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My sister called at about 8:20 last Friday morning. She was in Eden Isles because there was a rumor that there was cell service there. There wasn’t. She was able to borrow a satellite phone from an NBC reporter and she called me.
"Tony, you’ve got to come and get Mom and Dad. Things are deteriorating quickly. Please come get Mom and Dad."
I was reluctant to go as my wife and I had just had our second child 6 weeks earlier. I talked to my folks on the day of the hurricane, before, and during the storm. They seemed okay. They looked around their house while the eye passed over and while their fence was destroyed and most of their trees were down, the house was fine. No power, but they had phone and water. Apparently those were now gone, after 5 days, still gone, and not expected back any time soon.
"Tony, you’ve got to come here. You’ve got to get Mom and Dad. Please."
"Okay Chris, I’ll be there by Monday at the latest. What do you need?”
I spent Friday planning. I didn’t want to go alone so I called my father-in-law Greg. He agreed to come. I shot off a few quick e-mails and phone calls asking for donations and folks responded. We packed approximately 200 pounds of food, containers for 18 gallons of water, 8 gallons of Coleman fuel, 2 cook stoves, 2 lanterns, 10 flashlights, 50 batteries, 2 gallons of hand sanitizers, 3 first aid kits, 2 empty propane tanks, 10 boxes of Pepto Bismal tablets, a 5 gallon gas can, 6 2 gallon gas cans, 3 1 gallon gas cans, a tarp, a hand crank radio, a boy scout handbook, a water purifier, 32 water purification tablets, a chainsaw, and about ,700, all in less than 24 hours.
I got on my computer and did some research. Where was there phone service, cell phone service, gas stations with gas, open hotel rooms?
I began to realize that most of Mississippi was in the dark ages. The last place I could expect to get gas was Tuscaloosa Alabama, 256 miles away. I did some calculations and figured we could get to Pearl River with a tank full but then would need at least another tank full to get out. We had put a plastic shell carrier on the roof of the car for the combustibles so we figured we’d hide the gas there. My sister suggested we bring a gun but I felt that to have a gun increased the chance we’d use a gun.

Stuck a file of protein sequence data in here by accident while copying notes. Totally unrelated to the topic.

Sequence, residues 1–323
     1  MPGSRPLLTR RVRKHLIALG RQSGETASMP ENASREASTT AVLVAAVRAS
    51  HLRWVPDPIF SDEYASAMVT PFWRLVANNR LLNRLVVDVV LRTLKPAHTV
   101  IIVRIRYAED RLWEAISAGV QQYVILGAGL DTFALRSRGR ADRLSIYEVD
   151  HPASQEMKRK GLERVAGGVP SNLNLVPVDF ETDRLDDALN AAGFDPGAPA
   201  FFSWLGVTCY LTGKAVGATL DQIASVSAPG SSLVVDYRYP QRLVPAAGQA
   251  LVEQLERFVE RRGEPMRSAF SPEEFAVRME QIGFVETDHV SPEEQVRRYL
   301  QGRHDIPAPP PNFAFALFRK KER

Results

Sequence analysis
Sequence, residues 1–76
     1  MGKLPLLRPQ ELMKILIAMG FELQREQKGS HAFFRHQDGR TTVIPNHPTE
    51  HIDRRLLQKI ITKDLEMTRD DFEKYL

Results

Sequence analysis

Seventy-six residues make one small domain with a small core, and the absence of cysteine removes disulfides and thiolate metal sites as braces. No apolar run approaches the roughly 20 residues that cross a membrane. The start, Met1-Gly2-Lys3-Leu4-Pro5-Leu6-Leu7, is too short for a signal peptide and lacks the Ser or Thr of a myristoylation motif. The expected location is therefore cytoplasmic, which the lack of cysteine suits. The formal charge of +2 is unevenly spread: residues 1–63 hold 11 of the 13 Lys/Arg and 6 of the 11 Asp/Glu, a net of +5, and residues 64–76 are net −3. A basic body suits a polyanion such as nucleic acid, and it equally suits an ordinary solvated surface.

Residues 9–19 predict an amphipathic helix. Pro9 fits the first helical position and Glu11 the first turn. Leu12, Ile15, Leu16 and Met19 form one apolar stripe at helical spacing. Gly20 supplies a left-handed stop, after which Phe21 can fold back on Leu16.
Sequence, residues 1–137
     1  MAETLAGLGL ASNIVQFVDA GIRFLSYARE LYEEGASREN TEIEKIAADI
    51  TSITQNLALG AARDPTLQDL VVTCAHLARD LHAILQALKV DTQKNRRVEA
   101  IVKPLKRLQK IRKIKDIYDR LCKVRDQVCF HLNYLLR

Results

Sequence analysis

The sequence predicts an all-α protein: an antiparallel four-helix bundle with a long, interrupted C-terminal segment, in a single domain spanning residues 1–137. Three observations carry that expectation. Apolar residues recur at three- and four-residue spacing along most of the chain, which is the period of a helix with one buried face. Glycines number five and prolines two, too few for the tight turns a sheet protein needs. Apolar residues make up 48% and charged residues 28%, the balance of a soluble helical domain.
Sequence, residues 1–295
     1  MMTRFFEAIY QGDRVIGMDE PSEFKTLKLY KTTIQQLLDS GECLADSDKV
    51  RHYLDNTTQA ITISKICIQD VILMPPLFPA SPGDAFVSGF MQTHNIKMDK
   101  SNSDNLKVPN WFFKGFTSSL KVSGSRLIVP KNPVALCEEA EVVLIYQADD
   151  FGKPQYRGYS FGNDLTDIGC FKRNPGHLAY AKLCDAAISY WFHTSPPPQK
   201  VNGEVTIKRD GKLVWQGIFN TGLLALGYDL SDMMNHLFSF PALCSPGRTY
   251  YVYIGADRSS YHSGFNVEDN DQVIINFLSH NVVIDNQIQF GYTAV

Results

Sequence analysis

Greg and I left at 8:30 the next morning. Greg driving first. Nancy, my Mother-in-law had recently taught my 18 month old daughter Aubrey, the phrase "right back" meaning, wait here, I’ll be right back. That was the last thing I told her, my 6 week old, and my wife. Right back.
The first day we intended to drive to Chattanooga, Tennessee. But in the Virginia mountains the car started to sputter, not always, just on hills. I used my cell phone to call Kate who got on the Internet and got me numbers to call to arrange a rent a car in Knoxville, a Ford dealer to leave the car at, and a hotel room for the night. We were about 200 miles away from Knoxville and we hoped the car would make it. The car was low on gas so we stopped and filled it up. I speculated that premium gas might for some reason help so I filled it up with premium. later the car ran fine. I cancelled the rent a car and we headed for the hotel. After checking in we headed over to Wal-Mart to exchange the empty propane tanks for full ones, and then bought razors, more batteries, rice crispy treats, two non-electric phones, disposable cameras, STP gas treatment, and fuel injector cleaner. We stopped at the Burger King for dinner and then went back to the hotel. After wolfing our dinners and talking to our wives on our cell phones, we tried to go to sleep. We had hoped for 4 hours. 8 to midnight. My brother called my cell phone at about 9. "Bob, I’m on my way to get Mom and Dad. I need to sleep. I promise I’ll call you tomorrow." But I didn’t sleep. This was the second night I didn’t sleep. I got up and went down to the lobby.